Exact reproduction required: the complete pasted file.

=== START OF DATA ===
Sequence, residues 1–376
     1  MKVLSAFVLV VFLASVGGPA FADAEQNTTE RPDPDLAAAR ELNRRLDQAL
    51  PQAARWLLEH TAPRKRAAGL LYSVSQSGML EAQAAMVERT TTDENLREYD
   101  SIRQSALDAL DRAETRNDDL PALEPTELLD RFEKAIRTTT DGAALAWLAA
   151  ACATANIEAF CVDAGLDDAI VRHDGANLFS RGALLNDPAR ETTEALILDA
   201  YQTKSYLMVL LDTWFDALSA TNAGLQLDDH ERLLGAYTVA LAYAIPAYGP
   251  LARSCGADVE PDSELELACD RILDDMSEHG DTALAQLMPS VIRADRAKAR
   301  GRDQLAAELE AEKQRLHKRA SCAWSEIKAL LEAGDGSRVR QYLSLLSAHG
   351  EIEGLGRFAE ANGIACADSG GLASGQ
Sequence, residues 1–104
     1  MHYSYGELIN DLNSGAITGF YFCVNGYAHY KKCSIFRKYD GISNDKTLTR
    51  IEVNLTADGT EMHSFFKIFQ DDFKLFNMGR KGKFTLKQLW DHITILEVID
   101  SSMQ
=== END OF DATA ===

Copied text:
Sequence, residues 1–376
     1  MKVLSAFVLV VFLASVGGPA FADAEQNTTE RPDPDLAAAR ELNRRLDQAL
    51  PQAARWLLEH TAPRKRAAGL LYSVSQSGML EAQAAMVERT TTDENLREYD
   101  SIRQSALDAL DRAETRNDDL PALEPTELLD RFEKAIRTTT DGAALAWLAA
   151  ACATANIEAF CVDAGLDDAI VRHDGANLFS RGALLNDPAR ETTEALILDA
   201  YQTKSYLMVL LDTWFDALSA TNAGLQLDDH ERLLGAYTVA LAYAIPAYGP
   251  LARSCGADVE PDSELELACD RILDDMSEHG DTALAQLMPS VIRADRAKAR
   301  GRDQLAAELE AEKQRLHKRA SCAWSEIKAL LEAGDGSRVR QYLSLLSAHG
   351  EIEGLGRFAE ANGIACADSG GLASGQ
Sequence, residues 1–104
     1  MHYSYGELIN DLNSGAITGF YFCVNGYAHY KKCSIFRKYD GISNDKTLTR
    51  IEVNLTADGT EMHSFFKIFQ DDFKLFNMGR KGKFTLKQLW DHITILEVID
   101  SSMQ